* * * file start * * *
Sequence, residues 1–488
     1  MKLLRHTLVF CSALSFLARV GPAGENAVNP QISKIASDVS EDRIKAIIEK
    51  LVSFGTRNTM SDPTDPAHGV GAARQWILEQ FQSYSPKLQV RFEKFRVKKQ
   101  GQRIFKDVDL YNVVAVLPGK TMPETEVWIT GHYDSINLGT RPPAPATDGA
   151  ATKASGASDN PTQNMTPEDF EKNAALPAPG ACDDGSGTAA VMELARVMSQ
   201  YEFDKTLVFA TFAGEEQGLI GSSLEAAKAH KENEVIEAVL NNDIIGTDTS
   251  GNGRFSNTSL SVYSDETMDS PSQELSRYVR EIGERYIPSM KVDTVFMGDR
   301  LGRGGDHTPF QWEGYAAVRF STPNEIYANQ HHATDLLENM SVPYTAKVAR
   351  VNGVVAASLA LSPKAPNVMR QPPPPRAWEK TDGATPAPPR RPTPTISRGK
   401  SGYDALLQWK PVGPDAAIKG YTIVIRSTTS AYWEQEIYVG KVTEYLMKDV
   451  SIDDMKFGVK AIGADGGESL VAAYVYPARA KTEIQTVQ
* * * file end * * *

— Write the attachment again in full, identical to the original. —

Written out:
Sequence, residues 1–488
     1  MKLLRHTLVF CSALSFLARV GPAGENAVNP QISKIASDVS EDRIKAIIEK
    51  LVSFGTRNTM SDPTDPAHGV GAARQWILEQ FQSYSPKLQV RFEKFRVKKQ
   101  GQRIFKDVDL YNVVAVLPGK TMPETEVWIT GHYDSINLGT RPPAPATDGA
   151  ATKASGASDN PTQNMTPEDF EKNAALPAPG ACDDGSGTAA VMELARVMSQ
   201  YEFDKTLVFA TFAGEEQGLI GSSLEAAKAH KENEVIEAVL NNDIIGTDTS
   251  GNGRFSNTSL SVYSDETMDS PSQELSRYVR EIGERYIPSM KVDTVFMGDR
   301  LGRGGDHTPF QWEGYAAVRF STPNEIYANQ HHATDLLENM SVPYTAKVAR
   351  VNGVVAASLA LSPKAPNVMR QPPPPRAWEK TDGATPAPPR RPTPTISRGK
   401  SGYDALLQWK PVGPDAAIKG YTIVIRSTTS AYWEQEIYVG KVTEYLMKDV
   451  SIDDMKFGVK AIGADGGESL VAAYVYPARA KTEIQTVQ